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Connecting to Jesus in the centre PDF Print E-mail

Sunday 07 April 2019: Fifth Sunday of Lent

The bibleThe Lord has done great things for us

Pope Francis’ Intention for April is for doctors and their humanitarian collaborators in war zones who risk their lives to save the lives of others.

Jesus famously said he could not work miracles in Nazareth because a prophet is without honour in his own country. He preached and healed elsewhere. Pope Francis picked up this insight when he spoke of the Church as a field hospital. He calls on Catholics, and especially priests, to leave the comfort zone where we are surrounded by people who think alike. We are to sally out into no man’s land to share the life of people who are on the edges of faith and of church. The Pope’s intention for April expresses this spirit when he asks us to pray for doctors and their companions – nurses, refugee staff and so on – who risk their lives in places of violence. Their world is no man’s land; the field hospital is their home. In their work they share the fears of the local people and must face their own fears, often far from the support of families and the comforts they have left behind.

Good doctors do more than heal the body. They are people on to whom we can transfer the anxieties and desperation that go with living in dangerous and disease-ridden places. Even if we are fortunate enough not to need their services we feel security in knowing they are there if we need them. They are a light of security and civilisation in a dark and dangerous place. They are one of the pillars around which a community may be built. Many doctors, indeed, remain pillars of community even when the time of immediate danger has passed. Weary Dunlop, for example, was the moral centre of many Australia soldiers captured and sent to the Burma Railway, and remained a centre of hope when they returned to Australia burdened by their memories. Other doctors who gave years of their life to work in the precarious refugee camps at the Cambodian Border with Thailand returned with the people to Cambodia. There they served in hospitals to which the villagers came.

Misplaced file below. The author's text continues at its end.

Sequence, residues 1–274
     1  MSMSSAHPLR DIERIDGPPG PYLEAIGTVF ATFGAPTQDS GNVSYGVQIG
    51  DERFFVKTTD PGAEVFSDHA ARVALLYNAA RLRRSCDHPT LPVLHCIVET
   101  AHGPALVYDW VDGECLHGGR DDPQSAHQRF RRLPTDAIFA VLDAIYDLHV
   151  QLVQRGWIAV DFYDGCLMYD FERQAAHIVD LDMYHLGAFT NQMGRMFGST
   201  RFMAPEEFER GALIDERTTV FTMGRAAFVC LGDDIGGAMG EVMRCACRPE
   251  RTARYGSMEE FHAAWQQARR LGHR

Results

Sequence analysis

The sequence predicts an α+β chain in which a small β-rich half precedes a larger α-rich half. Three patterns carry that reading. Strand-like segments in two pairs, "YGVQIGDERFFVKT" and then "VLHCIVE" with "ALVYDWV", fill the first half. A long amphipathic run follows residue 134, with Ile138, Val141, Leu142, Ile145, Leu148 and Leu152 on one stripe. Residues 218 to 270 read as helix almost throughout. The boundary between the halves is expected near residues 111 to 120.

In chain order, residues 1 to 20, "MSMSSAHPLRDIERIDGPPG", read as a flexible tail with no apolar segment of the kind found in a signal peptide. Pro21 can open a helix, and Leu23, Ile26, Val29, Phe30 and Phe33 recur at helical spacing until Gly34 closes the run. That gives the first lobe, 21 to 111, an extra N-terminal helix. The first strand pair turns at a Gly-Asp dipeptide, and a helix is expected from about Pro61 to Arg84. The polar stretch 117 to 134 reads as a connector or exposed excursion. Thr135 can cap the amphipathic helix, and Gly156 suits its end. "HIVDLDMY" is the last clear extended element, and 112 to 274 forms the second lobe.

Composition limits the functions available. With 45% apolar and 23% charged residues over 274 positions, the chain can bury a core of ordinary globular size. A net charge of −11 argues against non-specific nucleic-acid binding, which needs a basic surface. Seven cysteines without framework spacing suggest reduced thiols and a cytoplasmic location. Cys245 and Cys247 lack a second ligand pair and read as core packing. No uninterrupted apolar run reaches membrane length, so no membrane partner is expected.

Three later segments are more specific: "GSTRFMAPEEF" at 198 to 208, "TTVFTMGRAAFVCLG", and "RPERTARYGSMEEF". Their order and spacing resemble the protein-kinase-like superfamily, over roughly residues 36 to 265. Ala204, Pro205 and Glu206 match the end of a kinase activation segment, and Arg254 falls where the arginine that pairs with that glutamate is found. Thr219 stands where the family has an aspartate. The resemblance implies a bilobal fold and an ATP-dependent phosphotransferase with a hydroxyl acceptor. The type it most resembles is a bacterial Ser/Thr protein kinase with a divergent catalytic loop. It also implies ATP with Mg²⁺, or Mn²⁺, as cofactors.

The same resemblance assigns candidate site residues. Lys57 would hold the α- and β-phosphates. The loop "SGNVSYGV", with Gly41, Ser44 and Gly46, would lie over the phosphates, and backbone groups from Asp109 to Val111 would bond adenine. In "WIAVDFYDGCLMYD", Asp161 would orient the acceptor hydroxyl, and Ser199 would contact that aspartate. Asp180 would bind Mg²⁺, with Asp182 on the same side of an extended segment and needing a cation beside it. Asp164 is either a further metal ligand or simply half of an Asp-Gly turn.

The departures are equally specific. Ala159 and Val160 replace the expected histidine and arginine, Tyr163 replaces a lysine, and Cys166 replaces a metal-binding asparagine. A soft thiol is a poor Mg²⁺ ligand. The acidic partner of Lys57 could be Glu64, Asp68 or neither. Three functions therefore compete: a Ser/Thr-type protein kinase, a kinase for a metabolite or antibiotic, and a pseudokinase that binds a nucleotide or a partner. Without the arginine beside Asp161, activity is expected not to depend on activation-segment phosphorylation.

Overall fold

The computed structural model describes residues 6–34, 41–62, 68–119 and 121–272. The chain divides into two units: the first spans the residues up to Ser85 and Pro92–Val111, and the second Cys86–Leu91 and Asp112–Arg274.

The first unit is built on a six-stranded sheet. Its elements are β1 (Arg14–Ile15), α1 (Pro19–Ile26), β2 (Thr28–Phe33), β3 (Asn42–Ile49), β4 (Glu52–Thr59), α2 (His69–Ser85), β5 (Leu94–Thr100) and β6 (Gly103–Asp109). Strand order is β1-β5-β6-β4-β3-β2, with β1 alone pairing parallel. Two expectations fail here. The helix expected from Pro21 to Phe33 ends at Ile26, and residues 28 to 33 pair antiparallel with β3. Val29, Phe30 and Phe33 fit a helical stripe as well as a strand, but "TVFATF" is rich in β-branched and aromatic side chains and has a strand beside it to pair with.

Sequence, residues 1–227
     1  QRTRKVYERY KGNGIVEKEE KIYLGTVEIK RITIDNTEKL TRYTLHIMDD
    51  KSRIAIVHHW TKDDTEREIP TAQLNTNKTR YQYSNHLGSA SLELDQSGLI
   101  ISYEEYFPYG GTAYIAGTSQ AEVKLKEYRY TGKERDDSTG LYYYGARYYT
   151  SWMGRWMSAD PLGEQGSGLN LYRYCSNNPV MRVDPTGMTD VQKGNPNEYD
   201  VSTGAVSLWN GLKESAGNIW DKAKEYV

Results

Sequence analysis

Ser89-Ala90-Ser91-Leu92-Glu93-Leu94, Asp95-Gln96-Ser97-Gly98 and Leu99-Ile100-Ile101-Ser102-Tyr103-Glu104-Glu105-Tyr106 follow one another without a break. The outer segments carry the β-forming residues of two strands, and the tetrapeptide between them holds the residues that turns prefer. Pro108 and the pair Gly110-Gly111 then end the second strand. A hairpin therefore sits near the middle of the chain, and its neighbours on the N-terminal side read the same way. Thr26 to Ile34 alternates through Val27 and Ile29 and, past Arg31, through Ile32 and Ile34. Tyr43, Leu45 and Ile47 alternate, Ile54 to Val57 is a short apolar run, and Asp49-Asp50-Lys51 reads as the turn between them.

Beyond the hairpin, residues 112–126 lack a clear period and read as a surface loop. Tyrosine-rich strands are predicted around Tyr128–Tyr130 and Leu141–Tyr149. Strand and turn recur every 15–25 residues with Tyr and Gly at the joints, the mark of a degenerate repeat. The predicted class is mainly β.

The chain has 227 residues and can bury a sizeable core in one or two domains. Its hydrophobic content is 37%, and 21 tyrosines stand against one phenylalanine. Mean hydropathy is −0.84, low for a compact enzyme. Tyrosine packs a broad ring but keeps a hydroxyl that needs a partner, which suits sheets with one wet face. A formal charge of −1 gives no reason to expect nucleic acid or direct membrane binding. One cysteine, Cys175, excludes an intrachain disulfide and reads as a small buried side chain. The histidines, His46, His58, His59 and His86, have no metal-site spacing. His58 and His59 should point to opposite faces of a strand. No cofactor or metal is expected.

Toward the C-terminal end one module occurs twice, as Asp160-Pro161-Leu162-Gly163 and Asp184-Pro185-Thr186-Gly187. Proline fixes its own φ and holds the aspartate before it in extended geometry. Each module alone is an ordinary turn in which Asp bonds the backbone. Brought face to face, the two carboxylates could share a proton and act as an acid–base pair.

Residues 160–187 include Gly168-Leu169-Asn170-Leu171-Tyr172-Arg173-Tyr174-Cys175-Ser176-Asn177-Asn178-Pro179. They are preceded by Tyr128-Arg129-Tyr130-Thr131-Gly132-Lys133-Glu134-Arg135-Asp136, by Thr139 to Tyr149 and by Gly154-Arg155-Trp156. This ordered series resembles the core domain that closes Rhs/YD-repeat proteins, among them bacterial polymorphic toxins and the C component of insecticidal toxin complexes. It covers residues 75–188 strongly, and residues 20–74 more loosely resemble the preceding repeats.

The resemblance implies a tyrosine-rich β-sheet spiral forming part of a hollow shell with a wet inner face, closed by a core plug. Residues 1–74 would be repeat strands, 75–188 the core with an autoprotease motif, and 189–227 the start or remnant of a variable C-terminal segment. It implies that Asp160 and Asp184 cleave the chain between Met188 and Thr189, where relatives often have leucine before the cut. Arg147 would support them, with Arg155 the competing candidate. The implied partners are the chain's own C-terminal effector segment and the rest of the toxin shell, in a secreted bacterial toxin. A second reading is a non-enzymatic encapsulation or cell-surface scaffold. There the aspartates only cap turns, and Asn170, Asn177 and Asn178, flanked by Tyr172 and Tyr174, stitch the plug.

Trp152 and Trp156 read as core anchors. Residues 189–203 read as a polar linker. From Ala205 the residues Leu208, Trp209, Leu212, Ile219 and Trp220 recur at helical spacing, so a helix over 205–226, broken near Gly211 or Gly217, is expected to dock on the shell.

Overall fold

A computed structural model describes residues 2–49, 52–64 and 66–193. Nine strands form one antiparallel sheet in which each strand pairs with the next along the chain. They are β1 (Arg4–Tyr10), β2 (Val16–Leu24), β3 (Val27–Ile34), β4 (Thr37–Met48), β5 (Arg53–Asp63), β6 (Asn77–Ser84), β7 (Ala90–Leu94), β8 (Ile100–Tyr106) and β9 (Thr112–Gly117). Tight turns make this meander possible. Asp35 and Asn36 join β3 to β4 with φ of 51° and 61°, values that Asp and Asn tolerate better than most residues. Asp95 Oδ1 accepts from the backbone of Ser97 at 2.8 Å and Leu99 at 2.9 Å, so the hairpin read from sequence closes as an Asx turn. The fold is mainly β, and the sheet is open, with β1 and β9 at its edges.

It is easy to take for granted volunteers who risk their safety and health in order to accompany people whose lives are under threat. We notice them only when war claims them as victims as they and their clinics are destroyed by hostile or ‘friendly’ fire. We see only their white coats and ignore their faces, losing sight of the hopes that brought them to the war zone, the people who love them and whom they love in a safer place, the pride or self-doubt they feel in their work, and the work they may have to do to calm their fears and to hang in. They are not isolated individuals. They bring with them a network of relationships which are thickened and enriched in the war zones. In Christian faith we are all linked with medical staff and the endangered people whom they serve through the communion of saints: the network of relationships that stretches through time and well as through place, in which Jesus Christ is the centre. Pope Francis’ intention this month asks us to make that connection alive in our minds and hearts.

Fr Andrew Hamilton SJ | Image courtesy of pixabay.com

 
Lent: A time to focus on what matters PDF Print E-mail

Sunday 31 March 2019: Fourth Sunday of Lent

Your brother here was dead and has come to life

CrucifixMost of the important and lasting customs are not planned but grow like Topsy. So if we want to understand all their strands and adapt them for our own times it helps to look back through their history. That is the case with Lent, too.